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PossessedHypnotic Crimes, Corporate Fiction, and the Invention of Cinema$
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Stefan Andriopoulos

Print publication date: 2008

Print ISBN-13: 9780226020549

Published to Chicago Scholarship Online: February 2013

DOI: 10.7208/chicago/9780226020570.001.0001

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Invisible Corporate Bodies

Invisible Corporate Bodies

Chapter:
(p.42) II Invisible Corporate Bodies
Source:
Possessed
Author(s):

Stefan Andriopoulos

Publisher:
University of Chicago Press
DOI:10.7208/chicago/9780226020570.003.0003

This chapter analyzes the late nineteenth-century juridical debate about the demonic power of invisible corporate bodies. The strain of continental legal theory based on a modernization of Roman law expressly relied on fictional modes of representation, thereby compensating for the “theoretical deficiency” of juridical discourse in conceptualizing legal persons. But a merely “fictional person” was not considered capable of committing crimes. In diametrical contrast, other legal theorists such as von Gierke and von Liszt regarded the corporation as an invisible yet real organism that could compel its possessed members to commit criminal acts. This connection between theories of corporate agency and hypnotism was not, however, one of monocausal determination. Instead, the legal representations of intangible corporate organisms participated in a discursive network of the fantastic that also included contemporary literary texts such as Guy de Maupassant's Le Horla and Joseph Conrad's Heart of Darkness. Juridical invocations of invisible corporate bodies and their seemingly preternatural demonic power thus testified to a precarious proximity of legal theory and horror fiction.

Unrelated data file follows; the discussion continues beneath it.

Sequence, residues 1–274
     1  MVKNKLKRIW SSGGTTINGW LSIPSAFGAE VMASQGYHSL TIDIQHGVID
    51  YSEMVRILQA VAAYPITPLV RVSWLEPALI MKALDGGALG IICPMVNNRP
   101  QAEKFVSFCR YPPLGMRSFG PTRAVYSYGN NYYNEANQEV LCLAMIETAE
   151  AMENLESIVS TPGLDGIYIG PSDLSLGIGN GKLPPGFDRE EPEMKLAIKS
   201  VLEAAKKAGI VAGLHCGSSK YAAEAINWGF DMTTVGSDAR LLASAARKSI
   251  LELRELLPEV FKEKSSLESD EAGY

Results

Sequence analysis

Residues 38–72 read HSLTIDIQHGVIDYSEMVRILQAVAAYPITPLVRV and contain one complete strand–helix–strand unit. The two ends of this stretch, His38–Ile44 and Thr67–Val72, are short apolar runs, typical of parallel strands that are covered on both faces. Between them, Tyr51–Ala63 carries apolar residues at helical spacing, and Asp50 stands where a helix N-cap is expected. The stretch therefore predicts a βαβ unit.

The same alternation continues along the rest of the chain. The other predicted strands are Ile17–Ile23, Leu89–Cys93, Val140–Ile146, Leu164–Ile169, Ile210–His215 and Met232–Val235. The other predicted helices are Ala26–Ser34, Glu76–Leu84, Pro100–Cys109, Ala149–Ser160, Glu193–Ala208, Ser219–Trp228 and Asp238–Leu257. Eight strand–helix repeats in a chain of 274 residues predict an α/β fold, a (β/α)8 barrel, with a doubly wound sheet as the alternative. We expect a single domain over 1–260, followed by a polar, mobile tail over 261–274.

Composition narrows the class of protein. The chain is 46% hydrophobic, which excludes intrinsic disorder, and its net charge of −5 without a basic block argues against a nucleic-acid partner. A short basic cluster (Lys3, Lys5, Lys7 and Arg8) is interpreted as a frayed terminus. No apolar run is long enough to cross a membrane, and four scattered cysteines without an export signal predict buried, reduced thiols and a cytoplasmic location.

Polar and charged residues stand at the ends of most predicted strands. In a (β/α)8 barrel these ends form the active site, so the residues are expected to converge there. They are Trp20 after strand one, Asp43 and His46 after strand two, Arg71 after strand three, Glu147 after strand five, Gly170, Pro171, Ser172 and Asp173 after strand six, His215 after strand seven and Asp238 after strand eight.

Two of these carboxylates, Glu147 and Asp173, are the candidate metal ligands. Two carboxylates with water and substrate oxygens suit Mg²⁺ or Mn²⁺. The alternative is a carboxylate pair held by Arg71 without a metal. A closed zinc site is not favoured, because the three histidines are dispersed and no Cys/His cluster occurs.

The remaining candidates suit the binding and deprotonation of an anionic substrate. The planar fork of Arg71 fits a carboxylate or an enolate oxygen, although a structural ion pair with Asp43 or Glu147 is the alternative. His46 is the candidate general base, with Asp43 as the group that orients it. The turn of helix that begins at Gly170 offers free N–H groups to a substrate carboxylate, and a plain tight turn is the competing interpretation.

Keywords:   demonic power, legal theory, fictional person, corporation, corporate agency, hypnotism, horror fiction

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